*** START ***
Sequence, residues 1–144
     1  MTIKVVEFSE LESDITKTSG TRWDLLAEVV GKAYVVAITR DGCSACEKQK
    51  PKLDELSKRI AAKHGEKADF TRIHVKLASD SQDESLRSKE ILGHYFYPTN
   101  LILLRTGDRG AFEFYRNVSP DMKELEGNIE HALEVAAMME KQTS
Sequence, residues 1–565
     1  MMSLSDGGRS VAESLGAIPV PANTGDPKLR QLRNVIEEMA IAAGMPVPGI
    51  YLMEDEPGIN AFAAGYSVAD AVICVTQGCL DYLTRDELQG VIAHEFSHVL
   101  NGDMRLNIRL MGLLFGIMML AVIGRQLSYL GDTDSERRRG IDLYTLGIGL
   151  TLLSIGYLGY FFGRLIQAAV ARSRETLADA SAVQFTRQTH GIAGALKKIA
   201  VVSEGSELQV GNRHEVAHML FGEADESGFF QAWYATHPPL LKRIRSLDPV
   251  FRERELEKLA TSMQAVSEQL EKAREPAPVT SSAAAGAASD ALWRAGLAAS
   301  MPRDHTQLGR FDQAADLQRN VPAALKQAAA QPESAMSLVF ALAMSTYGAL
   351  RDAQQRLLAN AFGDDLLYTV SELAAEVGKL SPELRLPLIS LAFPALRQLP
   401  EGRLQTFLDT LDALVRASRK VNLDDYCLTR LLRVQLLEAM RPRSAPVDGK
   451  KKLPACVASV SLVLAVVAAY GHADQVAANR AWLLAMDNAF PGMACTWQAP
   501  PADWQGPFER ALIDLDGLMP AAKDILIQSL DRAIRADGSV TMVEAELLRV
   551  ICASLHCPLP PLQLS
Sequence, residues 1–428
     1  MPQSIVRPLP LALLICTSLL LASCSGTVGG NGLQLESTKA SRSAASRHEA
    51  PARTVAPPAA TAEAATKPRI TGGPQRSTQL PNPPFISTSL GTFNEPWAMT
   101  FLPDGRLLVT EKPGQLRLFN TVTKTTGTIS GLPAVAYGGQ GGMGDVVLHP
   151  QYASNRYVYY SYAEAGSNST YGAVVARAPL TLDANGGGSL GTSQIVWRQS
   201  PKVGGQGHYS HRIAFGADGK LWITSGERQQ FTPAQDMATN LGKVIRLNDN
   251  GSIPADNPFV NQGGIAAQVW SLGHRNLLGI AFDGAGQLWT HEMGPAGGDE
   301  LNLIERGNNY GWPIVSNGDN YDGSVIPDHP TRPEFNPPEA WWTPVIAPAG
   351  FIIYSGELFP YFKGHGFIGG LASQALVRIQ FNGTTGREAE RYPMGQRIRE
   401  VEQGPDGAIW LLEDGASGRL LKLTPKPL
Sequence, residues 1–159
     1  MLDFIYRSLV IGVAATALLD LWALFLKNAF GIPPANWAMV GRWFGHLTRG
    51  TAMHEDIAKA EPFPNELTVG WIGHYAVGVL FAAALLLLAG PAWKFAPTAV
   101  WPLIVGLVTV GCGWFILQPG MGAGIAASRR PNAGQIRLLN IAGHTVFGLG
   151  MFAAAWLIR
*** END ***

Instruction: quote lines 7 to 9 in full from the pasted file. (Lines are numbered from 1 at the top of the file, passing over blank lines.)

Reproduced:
    51  YLMEDEPGIN AFAAGYSVAD AVICVTQGCL DYLTRDELQG VIAHEFSHVL
   101  NGDMRLNIRL MGLLFGIMML AVIGRQLSYL GDTDSERRRG IDLYTLGIGL
   151  TLLSIGYLGY FFGRLIQAAV ARSRETLADA SAVQFTRQTH GIAGALKKIA